Neutragena, Sun Bum, CVS Health, and Fruit of the Earth brands had some of the highest levels of benzene.

The same independent testing lab first raised the alarm about benzene contamination back in March 2021 when it found carcinogenic benzene in a number of hand sanitizers. This is concerning when you think about the global increase of hand sanitizer over the past year and a half. 

According to Valisure’s findings, of the 260 batches of liquid and non-liquid hand sanitizing products from 168 brands, 44 batches (17%) contained benzene [5]. The worst offender had a benzene level of 16.1 ppm!

Benzene isn’t the only hand sanitizer chemical of concern that has made the news. You may recall stories from 2020 alerting us to stay clear of hand sanitizers that contain methanol. Also known as methyl alcohol or wood alcohol, methanol is the simplest alcohol yet even in small amounts it can cause vision and brain damage.

Benzene in Shampoo

As this article was in the final stages of editing, another recall was issued over elevated benzene levels in personal care products. This time it was for dry shampoos and conditioners. 

 Parent company Procter & Gamble issued a voluntary recall for over 30 aerosol shampoo and conditioner products under the Old Spice, Aussie, Pantene, Herbal Essences, Waterl<ss, and Hair Food brand names [6].

 The culprit, again, is the propellant that sprays the product out of the can. 

 After Procter & Gamble was affected by the recall of some antiperspirant sprays a month prior, the company performed an audit of their total portfolio of aerosol products. And it was clearly a wise move.

How to Limit Benzene Exposure

As we now know, the average person may not know about benzene exposure from everyday items until a recall is issued. We may not be able to save ourselves from benzene exposure when quality control measures slip through the cracks, but we can limit exposure with the following precautions. 

For those not working in a benzene prone workplace, exposure often comes from the air around us, and it’s not always easy to avoid completely. Stay clear of secondhand smoke for all reasons. And if you’re creating secondhand cigarette smoke (i.e., you smoke), you’re needlessly exposing yourself and others. 

Pump gasoline carefully to limit escaping fumes, and always avoid skin contact with gasoline. 

Idling vehicles expel exhaust fumes with benzene and other harmful chemicals, so minimize your time near idling engines. 

Common cleaning supplies, paints, and solvents can put off benzene. Always use these products in well ventilated areas. Better yet, look for cleaner alternatives that have a lighter or no harmful chemical load.

And if you are at high risk of benzene exposure at work, your employer is obligated to provide adequate personal protective equipment and safety guidelines for working around hazardous chemicals.

Dr. Hulda Clark’s Take on Benzene

Health agencies and governing bodies agree that benzene exposure is a known threat to human health. Our very own Dr. Clark had some specific concerns when it came to the effects of benzene exposure.

A steadfast tester of anything that came into contact with her ill patients, Dr. Clark found benzene in medications, personal care products, cosmetics, artificial colors and flavors, and produce treated with pesticides.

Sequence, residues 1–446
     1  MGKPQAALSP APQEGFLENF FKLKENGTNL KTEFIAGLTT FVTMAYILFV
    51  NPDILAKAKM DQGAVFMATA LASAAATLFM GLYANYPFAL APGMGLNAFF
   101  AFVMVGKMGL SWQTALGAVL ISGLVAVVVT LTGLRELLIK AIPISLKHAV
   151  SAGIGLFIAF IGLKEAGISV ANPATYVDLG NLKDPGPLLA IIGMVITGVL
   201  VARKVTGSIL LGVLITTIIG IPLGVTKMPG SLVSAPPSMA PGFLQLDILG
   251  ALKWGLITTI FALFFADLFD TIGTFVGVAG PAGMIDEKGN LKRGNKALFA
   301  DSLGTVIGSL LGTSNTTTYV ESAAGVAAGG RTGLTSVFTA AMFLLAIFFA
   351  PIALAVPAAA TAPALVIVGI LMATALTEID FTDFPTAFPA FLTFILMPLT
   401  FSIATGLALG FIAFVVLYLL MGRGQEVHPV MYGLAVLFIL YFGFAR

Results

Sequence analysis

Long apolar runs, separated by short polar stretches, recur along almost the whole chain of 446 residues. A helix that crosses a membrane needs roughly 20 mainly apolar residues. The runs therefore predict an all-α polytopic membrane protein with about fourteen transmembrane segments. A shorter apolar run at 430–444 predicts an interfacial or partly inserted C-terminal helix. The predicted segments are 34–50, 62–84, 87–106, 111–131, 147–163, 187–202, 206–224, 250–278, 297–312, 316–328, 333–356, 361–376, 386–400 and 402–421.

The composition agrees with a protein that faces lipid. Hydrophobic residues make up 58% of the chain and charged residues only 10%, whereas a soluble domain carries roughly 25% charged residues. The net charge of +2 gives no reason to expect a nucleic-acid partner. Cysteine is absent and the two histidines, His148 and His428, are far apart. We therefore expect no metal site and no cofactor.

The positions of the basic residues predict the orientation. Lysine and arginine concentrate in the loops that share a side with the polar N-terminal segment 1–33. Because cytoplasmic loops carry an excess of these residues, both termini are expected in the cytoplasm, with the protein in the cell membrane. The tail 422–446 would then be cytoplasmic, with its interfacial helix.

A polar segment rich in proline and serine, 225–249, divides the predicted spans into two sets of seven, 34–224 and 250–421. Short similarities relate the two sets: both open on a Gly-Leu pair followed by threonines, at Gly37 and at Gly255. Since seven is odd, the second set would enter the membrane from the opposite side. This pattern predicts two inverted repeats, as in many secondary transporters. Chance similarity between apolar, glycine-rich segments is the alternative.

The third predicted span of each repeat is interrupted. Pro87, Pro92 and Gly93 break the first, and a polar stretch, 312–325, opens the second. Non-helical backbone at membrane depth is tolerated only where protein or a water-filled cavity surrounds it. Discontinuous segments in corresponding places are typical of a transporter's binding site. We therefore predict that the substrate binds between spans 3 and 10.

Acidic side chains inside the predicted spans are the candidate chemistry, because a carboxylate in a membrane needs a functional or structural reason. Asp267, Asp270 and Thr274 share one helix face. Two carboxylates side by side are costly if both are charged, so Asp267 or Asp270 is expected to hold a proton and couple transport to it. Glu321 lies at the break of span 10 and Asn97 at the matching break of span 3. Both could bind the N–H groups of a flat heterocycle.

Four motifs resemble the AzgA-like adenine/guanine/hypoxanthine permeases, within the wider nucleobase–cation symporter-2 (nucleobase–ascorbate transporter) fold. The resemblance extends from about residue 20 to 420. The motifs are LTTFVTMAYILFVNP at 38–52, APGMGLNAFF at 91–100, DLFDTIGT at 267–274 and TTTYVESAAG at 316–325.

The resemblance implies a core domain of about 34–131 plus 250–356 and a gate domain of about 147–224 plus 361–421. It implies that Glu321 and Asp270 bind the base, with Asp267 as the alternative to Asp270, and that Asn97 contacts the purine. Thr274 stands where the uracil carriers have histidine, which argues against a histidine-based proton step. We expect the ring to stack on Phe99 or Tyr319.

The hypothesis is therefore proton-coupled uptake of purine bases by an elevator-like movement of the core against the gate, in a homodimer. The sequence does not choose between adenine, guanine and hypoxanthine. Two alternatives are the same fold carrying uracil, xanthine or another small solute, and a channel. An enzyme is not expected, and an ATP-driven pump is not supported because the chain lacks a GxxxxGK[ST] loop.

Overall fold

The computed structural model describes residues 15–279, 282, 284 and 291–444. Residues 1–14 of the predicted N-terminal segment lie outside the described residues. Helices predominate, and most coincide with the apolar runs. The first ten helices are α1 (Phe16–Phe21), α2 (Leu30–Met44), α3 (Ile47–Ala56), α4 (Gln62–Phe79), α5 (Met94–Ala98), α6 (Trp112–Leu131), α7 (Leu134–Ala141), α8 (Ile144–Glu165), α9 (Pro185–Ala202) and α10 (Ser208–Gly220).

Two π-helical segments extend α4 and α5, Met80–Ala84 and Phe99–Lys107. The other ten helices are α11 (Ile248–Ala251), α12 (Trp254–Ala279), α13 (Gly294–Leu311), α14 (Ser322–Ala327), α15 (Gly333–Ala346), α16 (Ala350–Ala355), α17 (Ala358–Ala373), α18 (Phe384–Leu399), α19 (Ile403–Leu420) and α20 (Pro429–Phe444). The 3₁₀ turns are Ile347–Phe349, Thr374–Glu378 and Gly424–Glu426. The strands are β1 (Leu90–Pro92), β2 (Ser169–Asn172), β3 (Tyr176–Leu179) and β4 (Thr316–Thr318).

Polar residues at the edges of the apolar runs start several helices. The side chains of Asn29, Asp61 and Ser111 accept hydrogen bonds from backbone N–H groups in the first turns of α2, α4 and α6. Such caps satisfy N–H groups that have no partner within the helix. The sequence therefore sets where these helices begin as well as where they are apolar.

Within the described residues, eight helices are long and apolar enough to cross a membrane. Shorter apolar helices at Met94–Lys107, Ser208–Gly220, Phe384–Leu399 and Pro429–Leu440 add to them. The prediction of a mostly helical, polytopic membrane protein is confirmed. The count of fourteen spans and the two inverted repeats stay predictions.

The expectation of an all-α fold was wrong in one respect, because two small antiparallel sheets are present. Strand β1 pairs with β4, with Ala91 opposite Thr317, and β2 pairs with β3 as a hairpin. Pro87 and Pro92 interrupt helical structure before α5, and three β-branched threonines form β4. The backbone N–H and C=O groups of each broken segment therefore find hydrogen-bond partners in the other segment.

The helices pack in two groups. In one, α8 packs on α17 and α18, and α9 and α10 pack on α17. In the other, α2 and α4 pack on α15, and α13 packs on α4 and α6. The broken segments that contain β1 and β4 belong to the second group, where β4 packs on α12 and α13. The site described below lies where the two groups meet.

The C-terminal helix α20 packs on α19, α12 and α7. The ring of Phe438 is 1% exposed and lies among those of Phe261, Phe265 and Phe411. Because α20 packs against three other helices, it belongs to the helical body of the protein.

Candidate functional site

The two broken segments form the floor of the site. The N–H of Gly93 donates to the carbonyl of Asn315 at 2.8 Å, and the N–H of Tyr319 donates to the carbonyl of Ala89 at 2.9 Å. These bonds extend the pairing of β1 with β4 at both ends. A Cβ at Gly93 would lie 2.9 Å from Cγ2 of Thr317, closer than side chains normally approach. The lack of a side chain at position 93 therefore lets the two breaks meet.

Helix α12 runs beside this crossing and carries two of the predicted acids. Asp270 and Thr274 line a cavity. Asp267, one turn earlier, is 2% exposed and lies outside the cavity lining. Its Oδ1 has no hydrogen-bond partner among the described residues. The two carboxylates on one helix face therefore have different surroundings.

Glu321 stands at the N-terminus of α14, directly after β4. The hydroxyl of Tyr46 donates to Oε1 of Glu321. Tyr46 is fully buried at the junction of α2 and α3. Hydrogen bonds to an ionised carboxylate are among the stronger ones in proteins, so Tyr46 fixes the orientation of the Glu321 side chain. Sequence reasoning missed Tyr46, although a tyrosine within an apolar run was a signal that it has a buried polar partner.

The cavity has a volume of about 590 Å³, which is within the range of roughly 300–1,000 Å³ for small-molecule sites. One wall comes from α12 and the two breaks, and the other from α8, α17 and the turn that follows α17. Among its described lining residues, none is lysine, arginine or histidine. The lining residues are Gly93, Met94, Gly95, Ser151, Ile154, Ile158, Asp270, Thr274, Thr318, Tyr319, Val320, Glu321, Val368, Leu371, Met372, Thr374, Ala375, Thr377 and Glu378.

She theorized that the mass-produced foods that are so prevalent in the American diet become contaminated with benzene by the processing equipment. Heavy duty industrial machines are often lubricated with petroleum-based substances that leave behind hazardous residues that wind up in our food [7].

Dr. Clark was particularly concerned about benzene build up in bone marrow and the thymus gland because they are crucial to immune function. Indeed, she did find that benzene buildup was common among her immunocompromised patients. 

Having identified a probable link to illness, Dr. Clark set about finding a way to reverse the benzene load. Through determination and experimentation, she concluded that vitamin B2 (riboflavin) and magnesium help the body detoxify benzene. 

Vitamin B2 oxidizes benzene, leaving behind the organic compound phenol (also called carbolic acid). Following up with magnesium oxide degrades phenol into magnesium phenyl phosphate, which is filtered out by the kidneys [7].

Additionally, Dr. Clark found that ozonated olive oil had similar benzene detoxifying properties, as it was able to infiltrate hard-to-reach places in the body to turn benzene into phenol [8].

To make sure that she was giving her patients benzene-free treatments, Dr. Clark tested vitamins, minerals, and herbs with a biofeedback devise called a syncrometer before administering them. This is a practice we still use today for all raw materials that go into Dr. Clark Store branded products.

This latest round of recalls is yet another reason why you should be looking for cleaner personal care products that are also better for the environment. Remember that your skin is like a sponge. Whatever you put on it is absorbed into your body. If potential benzene exposure doesn’t concern you, there are other commonly used toxins in personal care products to look out for.

 

References
[1] National Institutes of Health
[2] American Cancer Society
[3] Valisure News November 4, 2021
[4] Valisure News May 25, 2021
[5] Valisure News March 24, 2021
[6] Procter & Gamble News Release December 17, 2021
[7] Clark, H. R. (1993). The cure for all cancers. New Century Press.
[8] Clark, H. R. (1999). The cure for all advanced cancers. New Century Press.